When My Heart Joins The Thousand
A YA romance featuring a neuroatypical girl with a tragic history and the chronically ill boy trying to break the vault encasing her heart.
Obviously I’m not what most people would describe as happy. But that has nothing to do with anything. Happiness is not a priority. Survival is.
Alvie Fitz doesn’t fit in, and she doesn’t care. She’s spent years swallowing meds and bad advice from doctors and social workers. Adjust, adapt. Pretend to be normal. It sounds so easy.
If she can make it to her eighteenth birthday without any major mishaps, she’ll be legally emancipated. Free. But if she fails, she’ll become a ward of the state and be sent back to the group home.
All she wants is to be left alone to spend time with her friend, Chance, the one-winged hawk at the zoo where she works. She can bide her time with him until her emancipation. Humans are overrated anyway. Then she meets Stanley, a boy who might be even stranger than she is—a boy who walks with a cane, who turns up every day with a new injury, whose body seems as fragile as glass. Without even meaning to, she finds herself getting close to him. But Alvie remembers what happened to the last person she truly cared about.
Her past stalks her with every step, and it has sharp teeth. But if she can find the strength to face the enemy inside her, maybe she’ll have a chance at happiness after all.
Published: February 6th 2018
- Unconventional love story.
Ableism, PTSD, Assault, Suicide, Abuse, Homophobia
I read the first four chapters that EpicReads released a while ago and it’s been a while since something has interested me like that in a long time. And I want to thank Edelweiss and HarperTeen for approving me for this one because I am the happiest person right now.
Alvie has only another year until she will legally be free from the foster care system, from being judged and seen as something different. When she meets Stanley, she doesn’t know how to feel; it messing up her routine, but decides to use this to see if she is capable of forming friendships. As Alvie faces the challenges of living alone and faces her past, Stanley is there, causing her to re-evaluate everything she knows about herself and love.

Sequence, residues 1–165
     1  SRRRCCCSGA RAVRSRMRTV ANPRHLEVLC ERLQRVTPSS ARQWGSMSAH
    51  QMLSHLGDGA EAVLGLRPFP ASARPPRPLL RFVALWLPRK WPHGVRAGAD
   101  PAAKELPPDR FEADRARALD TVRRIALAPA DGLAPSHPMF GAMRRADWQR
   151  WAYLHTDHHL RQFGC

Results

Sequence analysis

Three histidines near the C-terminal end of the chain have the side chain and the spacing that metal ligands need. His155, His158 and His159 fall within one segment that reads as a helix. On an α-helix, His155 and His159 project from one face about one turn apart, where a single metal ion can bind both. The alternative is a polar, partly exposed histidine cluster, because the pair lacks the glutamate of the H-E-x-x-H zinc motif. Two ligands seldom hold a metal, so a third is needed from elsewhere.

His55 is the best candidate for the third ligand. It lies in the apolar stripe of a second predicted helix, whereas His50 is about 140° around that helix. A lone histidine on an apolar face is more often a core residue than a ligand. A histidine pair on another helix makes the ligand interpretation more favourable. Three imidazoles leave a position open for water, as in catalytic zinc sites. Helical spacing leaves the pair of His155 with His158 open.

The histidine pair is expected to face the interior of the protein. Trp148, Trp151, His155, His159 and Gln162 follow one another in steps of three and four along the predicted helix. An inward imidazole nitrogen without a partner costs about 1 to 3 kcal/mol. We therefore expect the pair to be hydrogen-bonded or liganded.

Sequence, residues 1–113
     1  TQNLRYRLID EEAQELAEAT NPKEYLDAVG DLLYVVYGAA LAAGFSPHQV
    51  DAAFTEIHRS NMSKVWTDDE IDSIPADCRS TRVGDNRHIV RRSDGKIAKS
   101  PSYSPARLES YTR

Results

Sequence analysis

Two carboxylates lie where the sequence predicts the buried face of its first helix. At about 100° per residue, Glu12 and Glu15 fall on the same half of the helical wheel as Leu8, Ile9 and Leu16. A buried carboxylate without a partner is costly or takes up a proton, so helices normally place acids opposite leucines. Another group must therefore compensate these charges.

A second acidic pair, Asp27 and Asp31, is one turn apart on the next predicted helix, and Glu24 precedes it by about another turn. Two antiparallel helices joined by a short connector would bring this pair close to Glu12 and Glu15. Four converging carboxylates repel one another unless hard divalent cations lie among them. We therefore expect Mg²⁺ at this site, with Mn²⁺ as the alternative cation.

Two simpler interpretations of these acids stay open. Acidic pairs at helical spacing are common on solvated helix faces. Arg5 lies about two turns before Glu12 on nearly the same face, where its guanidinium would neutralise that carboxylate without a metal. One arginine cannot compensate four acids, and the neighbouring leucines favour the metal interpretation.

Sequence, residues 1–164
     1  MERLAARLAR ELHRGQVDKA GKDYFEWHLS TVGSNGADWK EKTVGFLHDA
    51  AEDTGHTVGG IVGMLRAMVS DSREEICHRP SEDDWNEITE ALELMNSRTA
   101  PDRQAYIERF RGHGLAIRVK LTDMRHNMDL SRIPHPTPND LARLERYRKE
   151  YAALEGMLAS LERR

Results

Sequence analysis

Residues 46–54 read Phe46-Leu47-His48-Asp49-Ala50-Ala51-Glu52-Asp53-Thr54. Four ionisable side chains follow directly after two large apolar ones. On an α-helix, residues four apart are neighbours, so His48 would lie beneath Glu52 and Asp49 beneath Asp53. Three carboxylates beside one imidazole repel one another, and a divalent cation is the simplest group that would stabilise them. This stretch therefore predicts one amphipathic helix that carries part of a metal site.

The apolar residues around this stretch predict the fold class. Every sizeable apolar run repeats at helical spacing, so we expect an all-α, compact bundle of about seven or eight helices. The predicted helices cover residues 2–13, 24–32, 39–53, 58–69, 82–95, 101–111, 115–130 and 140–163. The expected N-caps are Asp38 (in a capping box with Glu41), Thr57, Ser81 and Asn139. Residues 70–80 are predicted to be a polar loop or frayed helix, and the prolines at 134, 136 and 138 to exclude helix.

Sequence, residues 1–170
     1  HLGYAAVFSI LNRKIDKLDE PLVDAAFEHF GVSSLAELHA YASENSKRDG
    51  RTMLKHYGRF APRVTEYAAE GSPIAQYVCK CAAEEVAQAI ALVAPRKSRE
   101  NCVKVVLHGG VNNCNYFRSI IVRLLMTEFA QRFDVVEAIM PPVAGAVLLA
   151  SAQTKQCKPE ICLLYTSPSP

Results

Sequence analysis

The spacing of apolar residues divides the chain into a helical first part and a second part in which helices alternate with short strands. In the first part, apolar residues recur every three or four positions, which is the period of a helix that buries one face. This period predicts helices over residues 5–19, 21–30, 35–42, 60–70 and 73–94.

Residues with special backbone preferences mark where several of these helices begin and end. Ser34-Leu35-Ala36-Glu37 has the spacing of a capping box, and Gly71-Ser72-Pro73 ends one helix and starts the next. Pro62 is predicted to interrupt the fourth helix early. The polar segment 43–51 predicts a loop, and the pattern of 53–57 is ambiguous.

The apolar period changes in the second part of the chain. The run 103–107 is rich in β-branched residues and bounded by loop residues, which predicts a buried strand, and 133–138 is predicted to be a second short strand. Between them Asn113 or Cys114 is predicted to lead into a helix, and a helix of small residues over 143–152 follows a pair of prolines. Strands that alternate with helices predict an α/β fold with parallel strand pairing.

Throughout the story, I found myself feeling anger. Towards the adults who wouldn’t help her as a child. Towards her coworkers who dehumanized her. To everyone who chose not to understand her. Yet throughout it all, Alvie made it through. Blunt, straightforward Alvie. If you couldn’t tell, I love this girl so much. Throughout the story, we see her deal with her past. At times, her Aspergers defined who she believes she is and what she can do and her journey of seeing herself away from her diagnosis and past was truly what made this story amazing.
Stanley also has some issues he needs to deal with; he’s not just a “prop” or a love interest. He’s 3 dimensional, yet he still stay patient with Alvie when she pushes him away. Both are afraid of hurting each other and their relationship, though it started out quite unconventional (lets be honest, their relationship is a bit unconventional), it’s probably one of the most beautiful relationships I have read in the longest time.
Because of her Aspergers, Alvie is a very straight forward person, which often ended up with me feeling second hand embarrassment (I could never be as straight forward as her… I actually admire her for it). However, unlike many books where I suffer from this, it never interfered with my enjoyment of the story.
There is some sexual content (masturbation and oral sex) but they are integral to the development of the characters. I know it’s early into 2018, but… this is a definite all time favorite. No second guesses, no hesitation. I was never taken out of the story, I never lost interest and I cried happy tears. This is the second time this has happened. Yes, everyone should read it. Do it. For me 🙂 .